(b Chaumont-en-Bassigny, Haute-Marne, 29 May 1698; d Paris, 27 July 1762). French sculptor whose work marks the beginning of the Neoclassical reaction against the Rococo style. He won the Prix de Rome in 1722 and was in Italy from 1723 to 1732. His best-known work of this period is a marble bust of the antiquarian Philippe Stosch (1727, Skulpturengalerie, Berlin) that is very consciously in the antique manner.
Although his style later softened somewhat, notably in the famous Cupid Making a Bow from Hercules' Club (c.1750, Louvre, Paris), it remained too severe for court taste. Bouchardon had many supporters, however, and his contemporary reputation stood high—indeed he was generally regarded as the greatest French sculptor of his time (modern taste has inclined more towards artists with greater warmth, such as Falconet and Pigalle). His most important work was an equestrian statue of Louis XV, commissioned by the City of Paris in 1749. It was cast in 1758 but not erected until 1763, a year after Bouchardon's death. It stood in the Place Louis XV (later the Place de la Concorde) and was destroyed during the Revolution. Several small copies exist, as well as engravings, showing that it was based on the famous Marcus Aurelius. Bouchardon's father, Jean-Baptiste (1667–1742), and his brother, Jacques-Philippe (1711–53), were also sculptors.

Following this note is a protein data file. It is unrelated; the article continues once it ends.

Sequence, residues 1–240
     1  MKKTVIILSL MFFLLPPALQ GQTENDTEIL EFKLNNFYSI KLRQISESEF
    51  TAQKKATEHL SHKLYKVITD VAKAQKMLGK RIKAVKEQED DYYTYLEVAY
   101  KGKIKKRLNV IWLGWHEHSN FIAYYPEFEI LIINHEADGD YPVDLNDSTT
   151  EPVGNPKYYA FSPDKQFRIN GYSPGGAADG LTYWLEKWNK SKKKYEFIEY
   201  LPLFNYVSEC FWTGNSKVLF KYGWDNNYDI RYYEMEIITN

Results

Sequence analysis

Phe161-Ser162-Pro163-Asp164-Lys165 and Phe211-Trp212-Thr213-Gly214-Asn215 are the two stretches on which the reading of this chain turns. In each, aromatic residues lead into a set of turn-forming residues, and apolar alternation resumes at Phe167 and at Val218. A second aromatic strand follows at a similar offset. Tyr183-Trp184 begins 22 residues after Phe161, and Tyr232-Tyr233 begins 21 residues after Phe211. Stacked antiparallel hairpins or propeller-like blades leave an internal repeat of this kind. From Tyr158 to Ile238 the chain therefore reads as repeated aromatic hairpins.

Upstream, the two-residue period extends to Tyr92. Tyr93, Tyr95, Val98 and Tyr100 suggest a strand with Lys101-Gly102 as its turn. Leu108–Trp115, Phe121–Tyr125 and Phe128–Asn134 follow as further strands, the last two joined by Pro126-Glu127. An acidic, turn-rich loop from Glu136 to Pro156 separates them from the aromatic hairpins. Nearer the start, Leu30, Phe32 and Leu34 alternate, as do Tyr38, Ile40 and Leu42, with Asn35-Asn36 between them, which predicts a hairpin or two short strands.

Text Source: The Oxford Dictionary of Art and Artists (Oxford University Press)